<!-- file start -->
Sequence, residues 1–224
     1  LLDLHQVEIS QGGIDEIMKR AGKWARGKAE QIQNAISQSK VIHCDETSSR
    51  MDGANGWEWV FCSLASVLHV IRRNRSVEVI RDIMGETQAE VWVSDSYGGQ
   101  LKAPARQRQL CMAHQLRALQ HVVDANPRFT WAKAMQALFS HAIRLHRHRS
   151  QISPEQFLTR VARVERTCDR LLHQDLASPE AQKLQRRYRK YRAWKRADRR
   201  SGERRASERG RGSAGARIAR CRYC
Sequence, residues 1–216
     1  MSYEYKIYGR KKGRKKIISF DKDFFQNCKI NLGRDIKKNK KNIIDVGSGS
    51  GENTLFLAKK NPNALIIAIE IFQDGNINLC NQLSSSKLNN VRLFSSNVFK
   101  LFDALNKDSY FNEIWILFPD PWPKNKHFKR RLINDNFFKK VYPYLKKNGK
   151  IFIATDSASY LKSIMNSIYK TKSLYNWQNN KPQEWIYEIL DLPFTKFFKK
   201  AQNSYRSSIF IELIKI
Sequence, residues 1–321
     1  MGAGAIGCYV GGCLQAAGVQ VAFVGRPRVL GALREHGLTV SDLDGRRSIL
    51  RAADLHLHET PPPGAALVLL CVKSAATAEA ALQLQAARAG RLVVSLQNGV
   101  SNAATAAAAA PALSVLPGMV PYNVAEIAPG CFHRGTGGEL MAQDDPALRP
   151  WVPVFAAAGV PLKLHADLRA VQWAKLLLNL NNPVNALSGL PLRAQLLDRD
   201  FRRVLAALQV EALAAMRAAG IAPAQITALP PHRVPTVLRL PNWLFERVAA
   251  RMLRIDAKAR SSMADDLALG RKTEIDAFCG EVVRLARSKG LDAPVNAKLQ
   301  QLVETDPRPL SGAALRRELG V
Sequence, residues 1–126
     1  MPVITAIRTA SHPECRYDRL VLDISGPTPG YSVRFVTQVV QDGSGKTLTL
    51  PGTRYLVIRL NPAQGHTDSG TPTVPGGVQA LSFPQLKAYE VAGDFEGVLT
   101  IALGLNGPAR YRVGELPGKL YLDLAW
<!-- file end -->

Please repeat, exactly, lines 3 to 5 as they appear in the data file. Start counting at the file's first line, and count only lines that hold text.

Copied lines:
    51  MDGANGWEWV FCSLASVLHV IRRNRSVEVI RDIMGETQAE VWVSDSYGGQ
   101  LKAPARQRQL CMAHQLRALQ HVVDANPRFT WAKAMQALFS HAIRLHRHRS
   151  QISPEQFLTR VARVERTCDR LLHQDLASPE AQKLQRRYRK YRAWKRADRR